At L’Eroica Grand Junction, it’s not about riding fast; it’s about riding in style
Written by Priscilla Magnall:
What makes a cyclist want to ride 100 miles on his road bike over rough terrain dressed like his Great-great Grandfather? Because he can.
Over 110 years ago, this was The Big Thing in the Grand Valley and across the world. Granted, they didn’t have today’s modern asphalt but they had the gumption and Road Race Fever.
When Grand Junction Wheelman, Harold Gesberg had his photo taken at the foot of the bridge on Colorado Avenue in Glenwood Springs, he looked the hero, ready for his plunge in the Hot Springs Pool. The year was 1915 and he and dozen or so other contestants rode the Midland railroad to Glenwood Springs where they would train. The undefeated Champion, Rex Barber, had chosen Green River, Utah as his training ground.
The Glenwood Road Race had it’s beginnings in 1898 and happened annually until WWI took its toll. Internationally, bicycling was the fashion and an essential mode of transportation. Two wheels rode along-side four legs. City ordinances enforced heavy fines on cyclists who were caught speeding, riding recklessly or startling horses. The Midland Road Race was a special day for Grand Valley and Roaring Fork citizens alike. A special excursion train was dispatched to take spectators to the race site as they rode along the race route from Basalt to Glenwood to cheer the boys on to Victory. For a $2.50 round trip fare on the Denver & Rio Grand Western Railway, the ride would include a Grand Junction Band traveling on the train and at the finish of the race, a baseball game, first aid contests and awards ceremony and a dip in the pool would make for an exciting day. The Midland Special would leave for home at 9:30, taking spectators, the band, the boys and their bikes back home.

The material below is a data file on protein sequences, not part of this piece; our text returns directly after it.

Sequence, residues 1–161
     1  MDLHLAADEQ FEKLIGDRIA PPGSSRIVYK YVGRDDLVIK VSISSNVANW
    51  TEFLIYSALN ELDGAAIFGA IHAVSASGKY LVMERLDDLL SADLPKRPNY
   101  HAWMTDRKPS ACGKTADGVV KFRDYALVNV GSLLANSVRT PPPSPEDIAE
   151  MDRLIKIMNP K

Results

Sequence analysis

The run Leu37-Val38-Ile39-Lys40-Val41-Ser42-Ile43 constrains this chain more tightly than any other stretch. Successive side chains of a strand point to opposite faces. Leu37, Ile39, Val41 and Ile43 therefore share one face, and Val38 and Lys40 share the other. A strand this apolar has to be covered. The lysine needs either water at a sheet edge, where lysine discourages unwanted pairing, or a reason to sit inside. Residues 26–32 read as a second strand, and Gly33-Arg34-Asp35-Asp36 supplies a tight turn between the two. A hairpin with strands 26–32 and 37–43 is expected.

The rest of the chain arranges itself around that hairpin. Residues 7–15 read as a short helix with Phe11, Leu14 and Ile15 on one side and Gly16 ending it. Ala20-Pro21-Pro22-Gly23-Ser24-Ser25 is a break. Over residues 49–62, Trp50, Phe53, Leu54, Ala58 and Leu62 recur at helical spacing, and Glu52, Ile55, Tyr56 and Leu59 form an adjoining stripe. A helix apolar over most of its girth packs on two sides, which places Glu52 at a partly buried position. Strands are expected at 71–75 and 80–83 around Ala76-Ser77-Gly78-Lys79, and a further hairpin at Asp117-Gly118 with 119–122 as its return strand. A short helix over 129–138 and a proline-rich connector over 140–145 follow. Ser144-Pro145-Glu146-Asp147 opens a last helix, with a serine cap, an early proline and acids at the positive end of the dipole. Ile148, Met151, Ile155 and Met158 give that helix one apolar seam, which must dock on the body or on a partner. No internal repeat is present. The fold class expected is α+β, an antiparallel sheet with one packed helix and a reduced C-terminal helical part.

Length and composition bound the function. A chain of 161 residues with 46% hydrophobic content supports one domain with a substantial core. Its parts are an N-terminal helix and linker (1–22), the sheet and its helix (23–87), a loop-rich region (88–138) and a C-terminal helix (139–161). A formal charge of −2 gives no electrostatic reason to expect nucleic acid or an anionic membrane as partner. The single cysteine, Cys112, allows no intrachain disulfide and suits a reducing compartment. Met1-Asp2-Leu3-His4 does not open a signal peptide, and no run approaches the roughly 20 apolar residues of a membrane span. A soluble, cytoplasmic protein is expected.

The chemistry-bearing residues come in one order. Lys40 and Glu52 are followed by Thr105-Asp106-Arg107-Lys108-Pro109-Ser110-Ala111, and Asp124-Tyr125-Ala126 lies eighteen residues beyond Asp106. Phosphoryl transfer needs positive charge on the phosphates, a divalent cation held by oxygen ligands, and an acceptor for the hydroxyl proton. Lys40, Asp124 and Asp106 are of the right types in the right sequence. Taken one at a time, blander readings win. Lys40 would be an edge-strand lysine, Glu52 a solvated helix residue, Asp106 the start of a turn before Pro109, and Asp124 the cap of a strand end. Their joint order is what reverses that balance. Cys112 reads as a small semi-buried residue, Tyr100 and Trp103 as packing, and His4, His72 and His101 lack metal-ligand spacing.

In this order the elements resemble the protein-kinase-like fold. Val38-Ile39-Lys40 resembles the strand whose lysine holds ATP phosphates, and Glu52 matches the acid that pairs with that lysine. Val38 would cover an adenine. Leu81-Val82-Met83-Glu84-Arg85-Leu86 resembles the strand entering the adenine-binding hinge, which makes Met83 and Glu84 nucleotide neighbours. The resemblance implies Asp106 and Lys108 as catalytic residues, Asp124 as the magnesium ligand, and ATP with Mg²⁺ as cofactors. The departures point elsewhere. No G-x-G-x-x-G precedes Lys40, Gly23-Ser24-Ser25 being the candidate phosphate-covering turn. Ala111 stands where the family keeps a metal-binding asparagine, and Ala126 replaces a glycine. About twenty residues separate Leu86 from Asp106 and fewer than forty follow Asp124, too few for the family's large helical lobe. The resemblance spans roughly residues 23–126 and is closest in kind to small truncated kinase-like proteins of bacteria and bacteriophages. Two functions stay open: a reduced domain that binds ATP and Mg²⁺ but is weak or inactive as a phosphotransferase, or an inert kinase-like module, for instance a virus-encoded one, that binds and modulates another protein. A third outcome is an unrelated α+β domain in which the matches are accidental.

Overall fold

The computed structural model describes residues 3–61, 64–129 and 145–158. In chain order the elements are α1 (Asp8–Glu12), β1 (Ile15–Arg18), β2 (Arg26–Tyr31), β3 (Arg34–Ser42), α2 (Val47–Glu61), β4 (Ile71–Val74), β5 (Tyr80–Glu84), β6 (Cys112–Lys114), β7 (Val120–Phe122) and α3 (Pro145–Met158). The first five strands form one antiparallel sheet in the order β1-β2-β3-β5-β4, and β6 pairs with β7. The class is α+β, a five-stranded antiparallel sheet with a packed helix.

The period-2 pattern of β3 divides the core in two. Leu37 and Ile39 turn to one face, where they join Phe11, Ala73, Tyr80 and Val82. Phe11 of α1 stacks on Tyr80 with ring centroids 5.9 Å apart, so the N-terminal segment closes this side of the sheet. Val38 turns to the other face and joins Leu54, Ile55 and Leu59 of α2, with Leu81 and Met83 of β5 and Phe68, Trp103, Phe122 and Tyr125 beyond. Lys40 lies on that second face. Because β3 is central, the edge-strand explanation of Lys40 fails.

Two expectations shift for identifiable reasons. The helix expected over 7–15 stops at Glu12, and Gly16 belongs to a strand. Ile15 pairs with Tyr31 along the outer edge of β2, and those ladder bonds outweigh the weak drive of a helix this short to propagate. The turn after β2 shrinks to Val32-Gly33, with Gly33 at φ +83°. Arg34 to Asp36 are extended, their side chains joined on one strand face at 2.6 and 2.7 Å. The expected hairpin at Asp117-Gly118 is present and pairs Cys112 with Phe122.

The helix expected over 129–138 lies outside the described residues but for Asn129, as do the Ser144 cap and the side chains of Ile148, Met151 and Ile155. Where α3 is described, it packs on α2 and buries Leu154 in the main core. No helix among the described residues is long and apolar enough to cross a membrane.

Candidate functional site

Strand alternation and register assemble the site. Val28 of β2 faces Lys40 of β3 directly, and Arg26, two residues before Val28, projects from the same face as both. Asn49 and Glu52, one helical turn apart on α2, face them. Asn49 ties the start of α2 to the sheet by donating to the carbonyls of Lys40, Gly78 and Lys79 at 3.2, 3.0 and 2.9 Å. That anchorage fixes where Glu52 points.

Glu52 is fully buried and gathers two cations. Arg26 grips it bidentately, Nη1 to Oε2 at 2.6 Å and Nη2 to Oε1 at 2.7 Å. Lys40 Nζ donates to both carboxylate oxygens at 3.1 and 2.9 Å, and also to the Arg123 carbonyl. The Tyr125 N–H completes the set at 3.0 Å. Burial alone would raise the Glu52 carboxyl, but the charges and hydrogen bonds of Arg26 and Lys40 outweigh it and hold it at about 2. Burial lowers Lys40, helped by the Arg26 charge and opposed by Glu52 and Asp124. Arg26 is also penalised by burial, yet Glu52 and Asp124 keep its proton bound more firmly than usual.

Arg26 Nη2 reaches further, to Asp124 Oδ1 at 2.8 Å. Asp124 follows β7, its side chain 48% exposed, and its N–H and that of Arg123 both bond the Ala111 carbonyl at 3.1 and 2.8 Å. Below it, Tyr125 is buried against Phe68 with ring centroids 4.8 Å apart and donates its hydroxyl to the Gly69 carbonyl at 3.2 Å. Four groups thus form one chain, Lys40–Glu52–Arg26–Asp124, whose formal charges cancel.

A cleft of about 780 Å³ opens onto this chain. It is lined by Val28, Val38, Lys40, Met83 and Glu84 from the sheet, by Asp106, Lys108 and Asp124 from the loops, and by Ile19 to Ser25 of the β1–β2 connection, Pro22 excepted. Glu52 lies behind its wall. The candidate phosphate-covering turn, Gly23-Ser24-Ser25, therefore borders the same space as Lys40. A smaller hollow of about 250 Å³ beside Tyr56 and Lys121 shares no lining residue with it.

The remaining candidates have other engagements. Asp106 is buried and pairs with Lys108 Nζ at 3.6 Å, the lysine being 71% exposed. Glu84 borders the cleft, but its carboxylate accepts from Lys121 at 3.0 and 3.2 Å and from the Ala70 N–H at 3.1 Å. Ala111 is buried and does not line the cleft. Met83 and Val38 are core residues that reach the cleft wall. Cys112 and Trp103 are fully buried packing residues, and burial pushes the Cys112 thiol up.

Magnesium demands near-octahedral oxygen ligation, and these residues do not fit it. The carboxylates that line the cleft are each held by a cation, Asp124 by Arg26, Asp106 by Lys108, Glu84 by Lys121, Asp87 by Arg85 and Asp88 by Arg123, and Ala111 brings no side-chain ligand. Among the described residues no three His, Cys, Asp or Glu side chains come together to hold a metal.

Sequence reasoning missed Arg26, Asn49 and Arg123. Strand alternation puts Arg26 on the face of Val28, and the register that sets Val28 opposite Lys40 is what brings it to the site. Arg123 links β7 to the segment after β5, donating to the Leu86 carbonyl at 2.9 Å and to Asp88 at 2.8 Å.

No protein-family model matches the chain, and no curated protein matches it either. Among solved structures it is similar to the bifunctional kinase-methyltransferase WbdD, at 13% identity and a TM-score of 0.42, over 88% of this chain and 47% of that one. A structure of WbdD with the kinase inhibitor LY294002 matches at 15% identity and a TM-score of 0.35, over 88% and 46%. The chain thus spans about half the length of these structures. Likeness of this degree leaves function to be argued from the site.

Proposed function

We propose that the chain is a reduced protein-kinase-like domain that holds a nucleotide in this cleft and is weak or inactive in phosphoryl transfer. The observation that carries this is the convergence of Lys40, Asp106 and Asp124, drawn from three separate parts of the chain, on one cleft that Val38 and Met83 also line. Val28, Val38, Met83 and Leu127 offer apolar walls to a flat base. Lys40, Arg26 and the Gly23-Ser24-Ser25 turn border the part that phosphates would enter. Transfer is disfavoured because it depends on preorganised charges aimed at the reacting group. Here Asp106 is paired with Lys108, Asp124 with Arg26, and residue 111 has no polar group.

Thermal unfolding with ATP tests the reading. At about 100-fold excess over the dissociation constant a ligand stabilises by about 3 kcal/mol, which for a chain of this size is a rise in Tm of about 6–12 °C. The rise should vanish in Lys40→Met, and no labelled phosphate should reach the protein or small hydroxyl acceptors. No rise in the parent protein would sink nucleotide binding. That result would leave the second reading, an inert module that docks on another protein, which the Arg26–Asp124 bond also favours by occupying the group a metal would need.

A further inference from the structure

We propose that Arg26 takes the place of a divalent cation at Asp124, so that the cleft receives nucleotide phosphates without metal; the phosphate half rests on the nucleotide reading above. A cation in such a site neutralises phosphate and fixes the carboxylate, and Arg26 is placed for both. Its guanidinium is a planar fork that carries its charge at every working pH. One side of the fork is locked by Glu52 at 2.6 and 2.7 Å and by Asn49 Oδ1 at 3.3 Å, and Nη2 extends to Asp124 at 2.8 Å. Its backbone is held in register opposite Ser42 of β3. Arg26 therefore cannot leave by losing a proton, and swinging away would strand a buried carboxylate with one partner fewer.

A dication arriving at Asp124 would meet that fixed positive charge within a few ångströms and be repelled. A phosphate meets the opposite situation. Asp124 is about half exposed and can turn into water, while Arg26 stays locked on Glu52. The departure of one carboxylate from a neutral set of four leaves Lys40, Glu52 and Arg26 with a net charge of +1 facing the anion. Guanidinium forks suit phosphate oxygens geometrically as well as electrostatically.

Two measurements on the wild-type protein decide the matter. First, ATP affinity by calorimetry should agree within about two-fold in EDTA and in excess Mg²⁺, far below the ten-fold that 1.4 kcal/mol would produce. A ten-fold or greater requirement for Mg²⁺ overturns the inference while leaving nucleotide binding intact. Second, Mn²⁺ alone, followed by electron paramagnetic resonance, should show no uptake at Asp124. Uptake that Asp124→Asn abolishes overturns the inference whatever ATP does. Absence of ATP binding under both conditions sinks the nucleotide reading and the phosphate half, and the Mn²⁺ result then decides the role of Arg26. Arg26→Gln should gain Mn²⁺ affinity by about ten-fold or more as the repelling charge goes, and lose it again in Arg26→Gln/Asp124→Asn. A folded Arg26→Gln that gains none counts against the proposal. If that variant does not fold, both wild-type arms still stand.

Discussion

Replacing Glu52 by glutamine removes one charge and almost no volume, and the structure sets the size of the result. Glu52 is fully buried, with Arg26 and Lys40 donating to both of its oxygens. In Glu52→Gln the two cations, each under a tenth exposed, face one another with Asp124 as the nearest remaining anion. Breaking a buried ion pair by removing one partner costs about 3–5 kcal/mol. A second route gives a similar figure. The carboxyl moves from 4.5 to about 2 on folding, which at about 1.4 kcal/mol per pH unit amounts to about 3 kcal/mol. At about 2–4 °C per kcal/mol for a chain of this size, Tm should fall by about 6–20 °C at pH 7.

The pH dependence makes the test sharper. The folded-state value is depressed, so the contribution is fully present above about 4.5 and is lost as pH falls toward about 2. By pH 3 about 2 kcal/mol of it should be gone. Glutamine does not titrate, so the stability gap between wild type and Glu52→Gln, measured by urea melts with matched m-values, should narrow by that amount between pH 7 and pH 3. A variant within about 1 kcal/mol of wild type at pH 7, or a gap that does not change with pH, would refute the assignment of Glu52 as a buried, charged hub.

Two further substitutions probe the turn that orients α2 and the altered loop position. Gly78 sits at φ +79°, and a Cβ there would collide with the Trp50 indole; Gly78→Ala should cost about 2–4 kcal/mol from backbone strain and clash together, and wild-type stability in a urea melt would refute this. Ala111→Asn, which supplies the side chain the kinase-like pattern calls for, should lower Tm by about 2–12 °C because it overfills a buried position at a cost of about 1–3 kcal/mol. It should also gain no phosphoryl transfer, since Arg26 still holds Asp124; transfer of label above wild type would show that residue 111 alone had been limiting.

In 1901, Fruita Wheelman John Beard won the 23 mile race with a time of one hour, 16 minutes and 23 seconds. The Social Wheel Club took a team of fellows to compete for the title. Some say they didn’t take the train but instead, rode all the way on the new Midland Trail Highway to train for the ride. Fact or fiction, this is where L’ Eroica comes in.
A century old tradition in Italy, riders compete to become L’ Eroica or in English, The Heroic. Equipped with vintage bikes, clothes and attitudes, they ride somewhere between 38 and 200 km and hopefully finish the longest leg in under 12 hours. As local bicyclist put it, “It’s not about riding fast; it’s about riding in style.” The Grand Junction L’ Eroica, will mimic the Italian route with plenty of bone shaking roads but with a bounty of rewards at the finish line.
The Big Thing this year will be to ride in the L’Eroica Grand Junction. Taking the historic Midland Road Race one step further and riding 102 miles from Grand Junction to Glenwood. With a smack-down challenge, between Grand Valley and Roaring Fork Valley riders, who will be the next hero?